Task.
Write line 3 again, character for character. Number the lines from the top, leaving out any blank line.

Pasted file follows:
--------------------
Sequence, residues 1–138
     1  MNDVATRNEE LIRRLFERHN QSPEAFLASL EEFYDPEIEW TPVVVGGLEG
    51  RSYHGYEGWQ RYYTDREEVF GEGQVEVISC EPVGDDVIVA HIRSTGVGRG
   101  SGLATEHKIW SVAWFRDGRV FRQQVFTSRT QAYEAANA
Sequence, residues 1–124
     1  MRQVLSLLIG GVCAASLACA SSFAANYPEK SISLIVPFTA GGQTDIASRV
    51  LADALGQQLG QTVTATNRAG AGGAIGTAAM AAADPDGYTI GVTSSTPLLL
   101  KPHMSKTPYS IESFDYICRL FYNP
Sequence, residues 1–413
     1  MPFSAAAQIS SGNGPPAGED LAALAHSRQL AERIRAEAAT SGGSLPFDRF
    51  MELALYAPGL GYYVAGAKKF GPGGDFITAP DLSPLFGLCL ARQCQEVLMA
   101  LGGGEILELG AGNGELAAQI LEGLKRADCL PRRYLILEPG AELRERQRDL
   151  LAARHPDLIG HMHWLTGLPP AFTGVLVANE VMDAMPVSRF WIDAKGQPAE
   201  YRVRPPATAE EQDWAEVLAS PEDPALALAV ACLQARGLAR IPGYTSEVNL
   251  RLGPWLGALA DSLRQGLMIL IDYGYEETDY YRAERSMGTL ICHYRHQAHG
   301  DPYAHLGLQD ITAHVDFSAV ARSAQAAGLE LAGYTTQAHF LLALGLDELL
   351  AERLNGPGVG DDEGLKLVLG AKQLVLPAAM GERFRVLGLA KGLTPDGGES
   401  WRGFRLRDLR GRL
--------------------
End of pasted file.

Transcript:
    51  RSYHGYEGWQ RYYTDREEVF GEGQVEVISC EPVGDDVIVA HIRSTGVGRG